In the name of racial diversity, another major TV network has announced that it will exclude white actors from participating in the casting process of a major series reboot.
Entertainment Weekly reports Fox network is developing a spinoff of the hit show 24, and producers have ruled out replacing former leading man Kiefer Sutherland with another white actor, according to Fox Television Group co-CEO Dana Walden.
Speaking to reporters Friday at the Television Critics Association winter press tour in Los Angeles, Walden confirmed the network has ordered a pilot for 24: Legacy in an attempt to revive the hit show, which previously starred Sutherland as Counter Terrorist Unit (CTU) agent Jack Bauer.
While Legacy will feature the return of “real-time, pulse-pounding, fast-paced format with split screens and complex interweaving storylines,” producers are seeking someone “as different from Jack Bauer as possible” to replace Bauer, per Walden.
“We wanted it to be as different from Jack Bauer as possible, and that was the original thinking, to have this be a diverse lead,” said the co-CEO.
While producers on the potential show would prefer to cast a black actor in the lead role, Walden did not rule out the possibility of filling the slot with a Latino actor.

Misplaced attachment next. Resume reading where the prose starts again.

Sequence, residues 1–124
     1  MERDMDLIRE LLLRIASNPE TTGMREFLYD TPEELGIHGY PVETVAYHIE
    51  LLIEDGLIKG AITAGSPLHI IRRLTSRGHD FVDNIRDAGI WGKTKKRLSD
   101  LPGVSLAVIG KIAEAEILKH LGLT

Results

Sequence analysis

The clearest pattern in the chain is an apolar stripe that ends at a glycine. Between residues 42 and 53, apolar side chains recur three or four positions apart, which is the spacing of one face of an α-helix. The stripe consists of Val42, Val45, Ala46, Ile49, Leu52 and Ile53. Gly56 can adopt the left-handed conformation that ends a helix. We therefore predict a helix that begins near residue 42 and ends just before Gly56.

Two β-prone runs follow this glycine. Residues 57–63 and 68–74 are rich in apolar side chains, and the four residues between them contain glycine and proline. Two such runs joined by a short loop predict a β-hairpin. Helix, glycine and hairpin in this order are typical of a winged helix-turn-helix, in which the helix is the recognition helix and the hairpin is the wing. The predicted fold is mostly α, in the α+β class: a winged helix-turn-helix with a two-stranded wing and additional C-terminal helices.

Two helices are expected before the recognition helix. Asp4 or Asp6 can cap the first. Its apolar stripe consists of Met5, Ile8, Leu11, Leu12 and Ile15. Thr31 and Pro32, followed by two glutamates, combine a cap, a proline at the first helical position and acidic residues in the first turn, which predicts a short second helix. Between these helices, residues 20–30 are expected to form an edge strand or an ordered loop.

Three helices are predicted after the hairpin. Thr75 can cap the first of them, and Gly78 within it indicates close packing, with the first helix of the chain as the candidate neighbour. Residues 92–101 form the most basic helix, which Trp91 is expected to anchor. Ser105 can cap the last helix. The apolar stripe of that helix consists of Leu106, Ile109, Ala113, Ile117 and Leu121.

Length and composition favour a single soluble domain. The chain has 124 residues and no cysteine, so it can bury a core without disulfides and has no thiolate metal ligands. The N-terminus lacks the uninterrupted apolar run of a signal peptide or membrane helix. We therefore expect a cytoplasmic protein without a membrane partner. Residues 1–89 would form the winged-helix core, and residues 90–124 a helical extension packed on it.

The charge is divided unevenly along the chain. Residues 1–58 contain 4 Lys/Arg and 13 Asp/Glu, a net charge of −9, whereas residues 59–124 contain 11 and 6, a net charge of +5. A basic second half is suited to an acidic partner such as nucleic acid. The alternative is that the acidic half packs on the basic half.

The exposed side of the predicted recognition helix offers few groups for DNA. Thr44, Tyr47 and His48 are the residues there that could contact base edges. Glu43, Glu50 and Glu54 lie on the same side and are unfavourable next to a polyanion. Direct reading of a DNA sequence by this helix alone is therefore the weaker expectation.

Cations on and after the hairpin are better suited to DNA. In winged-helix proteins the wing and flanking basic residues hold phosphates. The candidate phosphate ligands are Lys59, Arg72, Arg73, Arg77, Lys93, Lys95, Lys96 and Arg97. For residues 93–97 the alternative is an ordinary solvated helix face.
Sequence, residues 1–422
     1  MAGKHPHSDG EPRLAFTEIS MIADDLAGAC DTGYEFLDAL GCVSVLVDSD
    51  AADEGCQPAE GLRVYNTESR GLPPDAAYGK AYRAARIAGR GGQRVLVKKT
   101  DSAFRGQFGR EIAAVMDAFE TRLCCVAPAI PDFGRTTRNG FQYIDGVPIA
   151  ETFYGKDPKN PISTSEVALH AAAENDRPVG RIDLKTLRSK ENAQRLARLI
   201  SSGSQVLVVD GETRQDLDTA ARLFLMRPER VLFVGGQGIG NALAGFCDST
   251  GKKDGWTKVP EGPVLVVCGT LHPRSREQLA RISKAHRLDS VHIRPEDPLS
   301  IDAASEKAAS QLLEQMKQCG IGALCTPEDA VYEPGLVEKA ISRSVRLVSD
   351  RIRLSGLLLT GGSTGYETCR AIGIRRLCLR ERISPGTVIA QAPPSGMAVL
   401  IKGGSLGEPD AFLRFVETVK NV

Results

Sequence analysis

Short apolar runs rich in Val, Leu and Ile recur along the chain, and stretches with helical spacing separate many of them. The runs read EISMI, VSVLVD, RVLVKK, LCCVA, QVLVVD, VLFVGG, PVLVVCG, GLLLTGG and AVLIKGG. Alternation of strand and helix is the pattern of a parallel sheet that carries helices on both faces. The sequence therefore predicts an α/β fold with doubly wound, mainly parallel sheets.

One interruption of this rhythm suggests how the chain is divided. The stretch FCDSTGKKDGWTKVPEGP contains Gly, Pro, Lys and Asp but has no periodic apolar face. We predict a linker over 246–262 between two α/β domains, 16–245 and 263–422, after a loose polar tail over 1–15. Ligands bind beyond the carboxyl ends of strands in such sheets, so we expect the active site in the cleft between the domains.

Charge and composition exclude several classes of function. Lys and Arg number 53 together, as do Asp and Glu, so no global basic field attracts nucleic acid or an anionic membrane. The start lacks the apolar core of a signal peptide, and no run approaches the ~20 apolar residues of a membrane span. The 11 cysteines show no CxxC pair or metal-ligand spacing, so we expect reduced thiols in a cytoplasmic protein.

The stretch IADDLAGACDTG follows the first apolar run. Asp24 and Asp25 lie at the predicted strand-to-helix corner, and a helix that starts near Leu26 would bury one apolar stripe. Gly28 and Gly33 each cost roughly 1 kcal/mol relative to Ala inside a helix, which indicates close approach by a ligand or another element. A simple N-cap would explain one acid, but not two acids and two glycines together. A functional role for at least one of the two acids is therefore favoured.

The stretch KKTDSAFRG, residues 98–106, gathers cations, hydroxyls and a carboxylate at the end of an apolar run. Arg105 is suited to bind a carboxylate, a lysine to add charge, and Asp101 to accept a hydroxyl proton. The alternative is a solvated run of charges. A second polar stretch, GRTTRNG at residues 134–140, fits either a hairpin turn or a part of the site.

“Whether that’s African-American or a Latino actor, we’ve been really excited about some of the people we’ve been seeing throughout our internal process,” she said.
24: Legacy will revolve around military hero Eric Carter’s return to the U.S. and the trouble that follows him. Carter reaches out to ask CTU for help in saving his life and stopping what potentially could be one of the largest-scale terror attacks on American soil.
Walden also revealed Legacy will deal with sleeper cells radicalizing Americans and will feature an entirely new cast.
It’s a new CTU, a new cast of characters. It’s a completely different story in terms of the special ops groups that we’re focusing on. It’s a very contemporary feeling story about the potential to activate new sleeper cells in the United States and radicalizing Americans. It’s a whole new story. There are nods in the pilot to prior CTU agents, there are a couple photos that will feel reminiscent of the original, but no ongoing [returning] characters.
The original thriller debuted in 2001 and ran for nine seasons on Fox.
CBS Entertainment announced early this week it will exclude white actresses from trying out for the role of Nancy Drew in an upcoming reboot of the classic mystery series.
Of an industry-wide push to cast more racially-diverse performers, Adi Hasak, creator of NBC’s Jennifer Lopez cop drama Shades of Blue, said on Friday, “the white man’s 15 minutes are up.”